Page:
Approximately 21,080 television, video, and movie camera operators work in the United States. The majority of salaried camera operators work in the film and television industry at TV stations or film studios. Most jobs are found in large, urban areas. Some camera operators are self-employed and contract with documentary or independent filmmakers, advertising agencies, and trade show or convention sponsors. Some camera operators may work for the federal or local government.
An entry-level job as a production assistant is a typical first step for camera operators and provides the opportunity to learn how film and video production works. Production assistants usually begin with assignments such as setting up or loading film into cameras and adjusting or checking lighting. With experience, the assistant may participate in decisions about what to photograph or how to film a particular scene.
Before you receive any paying jobs, you may have to work for a while as a volunteer or intern on a film project. You can surf the Internet for postings of openings on film productions, or contact your state's film commission. Competition for camera operator jobs will be keen. Those with the most experience and advanced training in the evolving digital technologies being used in film, television, business, and educational productions, should have an advantage in finding positions.
It usually takes two to four years for a motion picture camera operator to learn the techniques necessary for the job. Those who become proficient in their field, after several years of training, may be able to work on film projects as a cinematographer or director of photography (DP). The DP supervises other camera operators and works more closely with the directors, producers, and actors in the creation of the film. Some camera operators study cinematography part time while keeping their jobs as camera operators. They may later move to larger studios or command higher salaries. Camera operators who are employed in the television industry might advance by working on more prestigious projects, working for larger stations, or by managing the work of other camera operators.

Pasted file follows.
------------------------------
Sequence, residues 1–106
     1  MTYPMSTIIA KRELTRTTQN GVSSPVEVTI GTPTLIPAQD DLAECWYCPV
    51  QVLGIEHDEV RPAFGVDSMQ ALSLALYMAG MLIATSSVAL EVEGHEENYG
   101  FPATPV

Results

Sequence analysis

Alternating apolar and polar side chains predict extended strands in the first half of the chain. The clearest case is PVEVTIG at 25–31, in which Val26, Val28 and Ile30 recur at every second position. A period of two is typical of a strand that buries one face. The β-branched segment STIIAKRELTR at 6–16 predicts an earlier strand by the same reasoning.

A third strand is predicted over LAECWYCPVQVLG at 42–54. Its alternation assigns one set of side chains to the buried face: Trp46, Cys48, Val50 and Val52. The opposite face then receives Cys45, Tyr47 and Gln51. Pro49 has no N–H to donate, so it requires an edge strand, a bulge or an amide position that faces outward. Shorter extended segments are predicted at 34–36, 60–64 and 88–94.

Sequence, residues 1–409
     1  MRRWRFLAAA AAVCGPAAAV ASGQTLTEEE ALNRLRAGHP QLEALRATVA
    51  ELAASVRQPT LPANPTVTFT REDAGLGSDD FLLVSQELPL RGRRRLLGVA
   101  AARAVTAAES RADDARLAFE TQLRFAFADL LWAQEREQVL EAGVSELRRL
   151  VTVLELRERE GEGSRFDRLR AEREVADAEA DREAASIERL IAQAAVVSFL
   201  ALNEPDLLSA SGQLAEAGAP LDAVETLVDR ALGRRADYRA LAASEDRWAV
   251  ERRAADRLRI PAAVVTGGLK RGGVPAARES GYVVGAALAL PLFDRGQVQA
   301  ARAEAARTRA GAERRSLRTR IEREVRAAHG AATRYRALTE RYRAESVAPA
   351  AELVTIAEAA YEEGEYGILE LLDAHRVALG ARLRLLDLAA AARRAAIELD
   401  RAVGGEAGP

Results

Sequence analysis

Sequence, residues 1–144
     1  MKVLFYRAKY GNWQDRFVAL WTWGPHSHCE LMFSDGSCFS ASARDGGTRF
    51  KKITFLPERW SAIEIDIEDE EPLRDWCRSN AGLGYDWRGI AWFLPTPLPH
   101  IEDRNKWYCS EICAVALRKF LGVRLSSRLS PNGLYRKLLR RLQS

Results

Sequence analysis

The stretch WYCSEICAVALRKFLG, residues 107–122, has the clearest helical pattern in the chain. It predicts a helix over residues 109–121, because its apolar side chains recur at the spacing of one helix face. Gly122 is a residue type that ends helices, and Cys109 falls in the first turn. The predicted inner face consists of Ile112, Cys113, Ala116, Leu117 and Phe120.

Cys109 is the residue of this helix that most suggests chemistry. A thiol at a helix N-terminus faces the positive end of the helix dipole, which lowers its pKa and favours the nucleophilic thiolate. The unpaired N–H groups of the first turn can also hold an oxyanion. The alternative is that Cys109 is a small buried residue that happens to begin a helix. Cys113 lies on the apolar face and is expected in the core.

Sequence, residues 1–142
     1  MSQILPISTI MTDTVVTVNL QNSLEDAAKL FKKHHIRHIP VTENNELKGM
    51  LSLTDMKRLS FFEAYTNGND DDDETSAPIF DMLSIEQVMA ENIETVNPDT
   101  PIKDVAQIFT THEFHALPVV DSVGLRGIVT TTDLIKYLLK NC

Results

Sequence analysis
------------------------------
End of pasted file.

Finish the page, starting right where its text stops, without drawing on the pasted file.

Most of those hoping for advancement as camera operators must contend with two current trends. In broadcasting, automatic cameras at many television stations make camera operators less needed. In movies, the industry has become more productive, so fewer workers are needed. However, the increasing popularity of new content delivery methods such as mobile, digital video streaming, and online television may lead to more jobs for camera operators in the future.
Tips for Entry
As a student, become familiar with various types of cameras through a school club, for example, or by working in a camera store.
Take classes in math and science that will familiarize you with the concepts of ratio, proportion, light, and perspective.
In college take courses in photography and art history that will introduce to the principles of artistic composition and different styles of visual presentation.
Become familiar with the different types of video editing software.
Consult the Department of Labor State Apprenticeship Information Web site for information about specific apprenticeship opportunities for camera operators.